# configuration file for rotsed
# format is "key value"
# comments start with `#' and go to end of line
# blank lines are okay
# lines cannot be continued
# stuff just for rotsed
loglevel 1 # 0,1,2 = terse,verbose,debug
cfgfile /rotse/run/cfg/rotsed.cfg # Location of ipc key & lockfile
poll_time 0.01 # main loop time quantum
jsdelay 60.0 # Interval (s) for js updates
The cfgfile acts as the lockfile for the daq system. If the cfgfile is present on the system, rotsed will not start and logs the error to /var/log/rotse.log. This file also contains the IPC key for the shared memory, so the other daemons can link up with the shared memory segment.
Every 60 seconds (set by the jsdelay keyword) the system writes a
www.rotse.net computer to copy this status file every minute. The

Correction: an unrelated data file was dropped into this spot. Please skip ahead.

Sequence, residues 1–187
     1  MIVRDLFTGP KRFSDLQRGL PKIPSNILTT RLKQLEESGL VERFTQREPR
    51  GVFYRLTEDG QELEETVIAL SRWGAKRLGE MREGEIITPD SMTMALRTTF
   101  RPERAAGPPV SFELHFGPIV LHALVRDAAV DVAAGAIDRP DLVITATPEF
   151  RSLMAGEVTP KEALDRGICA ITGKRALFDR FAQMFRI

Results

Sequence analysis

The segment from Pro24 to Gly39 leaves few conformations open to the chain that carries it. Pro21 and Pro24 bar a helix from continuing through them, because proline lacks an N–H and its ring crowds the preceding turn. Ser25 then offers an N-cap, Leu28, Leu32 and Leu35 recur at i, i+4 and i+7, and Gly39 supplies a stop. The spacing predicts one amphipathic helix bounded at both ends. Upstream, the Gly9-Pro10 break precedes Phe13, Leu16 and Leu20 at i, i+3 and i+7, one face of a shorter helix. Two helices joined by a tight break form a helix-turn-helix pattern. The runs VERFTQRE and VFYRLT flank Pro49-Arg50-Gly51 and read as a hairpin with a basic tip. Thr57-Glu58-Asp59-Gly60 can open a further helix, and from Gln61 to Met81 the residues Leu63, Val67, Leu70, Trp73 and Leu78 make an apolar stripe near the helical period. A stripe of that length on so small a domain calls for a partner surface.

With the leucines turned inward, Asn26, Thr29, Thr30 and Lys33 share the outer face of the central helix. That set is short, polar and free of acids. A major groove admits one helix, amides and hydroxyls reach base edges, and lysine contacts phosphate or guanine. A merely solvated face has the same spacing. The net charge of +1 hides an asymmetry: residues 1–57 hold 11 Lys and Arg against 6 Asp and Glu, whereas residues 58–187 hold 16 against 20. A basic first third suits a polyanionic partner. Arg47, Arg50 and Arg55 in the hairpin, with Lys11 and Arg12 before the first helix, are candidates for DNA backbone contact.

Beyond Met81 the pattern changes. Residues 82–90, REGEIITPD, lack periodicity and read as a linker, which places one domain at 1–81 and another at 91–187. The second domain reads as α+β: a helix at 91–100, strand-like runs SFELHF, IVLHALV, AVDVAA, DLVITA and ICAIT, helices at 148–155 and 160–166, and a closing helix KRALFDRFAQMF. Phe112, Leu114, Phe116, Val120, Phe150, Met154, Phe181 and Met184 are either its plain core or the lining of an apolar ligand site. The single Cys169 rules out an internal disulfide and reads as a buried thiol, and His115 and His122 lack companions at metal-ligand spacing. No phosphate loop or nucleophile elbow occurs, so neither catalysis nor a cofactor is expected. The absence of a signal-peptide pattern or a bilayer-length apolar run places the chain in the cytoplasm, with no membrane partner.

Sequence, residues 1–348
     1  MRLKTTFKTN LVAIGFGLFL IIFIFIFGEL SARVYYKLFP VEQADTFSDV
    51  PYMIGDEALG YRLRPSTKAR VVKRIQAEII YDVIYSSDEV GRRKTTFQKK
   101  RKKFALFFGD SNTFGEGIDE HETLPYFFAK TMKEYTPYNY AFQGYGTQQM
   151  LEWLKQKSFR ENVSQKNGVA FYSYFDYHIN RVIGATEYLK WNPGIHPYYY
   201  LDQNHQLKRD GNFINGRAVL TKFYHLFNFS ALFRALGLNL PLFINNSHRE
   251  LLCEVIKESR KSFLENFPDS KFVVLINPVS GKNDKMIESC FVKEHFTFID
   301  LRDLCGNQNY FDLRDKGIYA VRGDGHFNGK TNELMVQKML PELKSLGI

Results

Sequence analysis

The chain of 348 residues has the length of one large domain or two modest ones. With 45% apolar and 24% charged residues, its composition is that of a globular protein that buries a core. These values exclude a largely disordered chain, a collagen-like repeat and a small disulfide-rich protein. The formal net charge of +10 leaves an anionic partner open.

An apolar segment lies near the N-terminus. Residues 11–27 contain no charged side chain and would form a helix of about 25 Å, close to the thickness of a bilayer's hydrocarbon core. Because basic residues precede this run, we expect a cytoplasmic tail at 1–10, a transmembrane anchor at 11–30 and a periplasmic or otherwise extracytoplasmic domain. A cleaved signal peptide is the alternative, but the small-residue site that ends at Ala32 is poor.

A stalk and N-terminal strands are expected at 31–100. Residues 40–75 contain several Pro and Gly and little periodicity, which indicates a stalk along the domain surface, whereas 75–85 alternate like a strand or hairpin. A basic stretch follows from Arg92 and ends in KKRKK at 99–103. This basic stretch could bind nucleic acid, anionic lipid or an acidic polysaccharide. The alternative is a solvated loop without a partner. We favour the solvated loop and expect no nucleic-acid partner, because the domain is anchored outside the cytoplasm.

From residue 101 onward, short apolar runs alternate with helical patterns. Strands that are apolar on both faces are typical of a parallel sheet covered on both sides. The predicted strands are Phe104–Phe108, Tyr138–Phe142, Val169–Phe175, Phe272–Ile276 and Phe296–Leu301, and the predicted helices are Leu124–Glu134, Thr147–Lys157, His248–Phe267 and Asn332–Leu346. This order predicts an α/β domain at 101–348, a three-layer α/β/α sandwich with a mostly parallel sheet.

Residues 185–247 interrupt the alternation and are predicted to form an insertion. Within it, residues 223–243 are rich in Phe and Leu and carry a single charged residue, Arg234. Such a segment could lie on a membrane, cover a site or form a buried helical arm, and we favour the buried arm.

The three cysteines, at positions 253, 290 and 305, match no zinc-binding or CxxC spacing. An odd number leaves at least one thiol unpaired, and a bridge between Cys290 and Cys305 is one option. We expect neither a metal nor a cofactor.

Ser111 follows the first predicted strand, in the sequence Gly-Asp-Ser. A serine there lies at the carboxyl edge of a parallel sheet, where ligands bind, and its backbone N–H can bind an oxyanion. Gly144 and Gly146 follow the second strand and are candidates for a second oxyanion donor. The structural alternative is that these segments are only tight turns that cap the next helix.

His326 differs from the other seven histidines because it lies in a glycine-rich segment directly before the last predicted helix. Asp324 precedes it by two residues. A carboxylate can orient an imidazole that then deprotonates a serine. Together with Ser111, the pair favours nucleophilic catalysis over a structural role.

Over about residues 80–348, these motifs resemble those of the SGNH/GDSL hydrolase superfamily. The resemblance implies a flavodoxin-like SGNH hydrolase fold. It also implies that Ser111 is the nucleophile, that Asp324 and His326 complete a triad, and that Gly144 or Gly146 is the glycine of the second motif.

public to view near real-time system status, as in Section 8.4.2.
# parameters to control weathd
weathd run 1 # yes/no = 1/0
weathd conf /rotse/run/etc/weathd.conf # confile name
weathd path /rotse/run/bin/weathd # path to executable
weathd tout 60.0 # timeout for updates
weathd tinit 120.0 # timeout for initialization
weathd tlog 300.0 # logging period
alertd run ...
astrod run ...
camerad run ...
clamd run ...
mountd run ...
spotd run ...
skeld run 0 # Should not run skeld
userd run ...
Each daemon can be set whether to run or not. For debugging and testing it is useful to run specific daemons, but in normal operation it is vital to have all the daemons running. For each daemon the operator must specify the path of the executable as well as the path to the configuration file. If a daemon exceeds its initialization timeout on startup or its update timeout during normal operation, rotsed will automatically shut down the system. These timeouts should be large enough that they are never exceeded during normal operation, and they can depend on the cpu speed of the controller computer, as well as the additional load from online processing.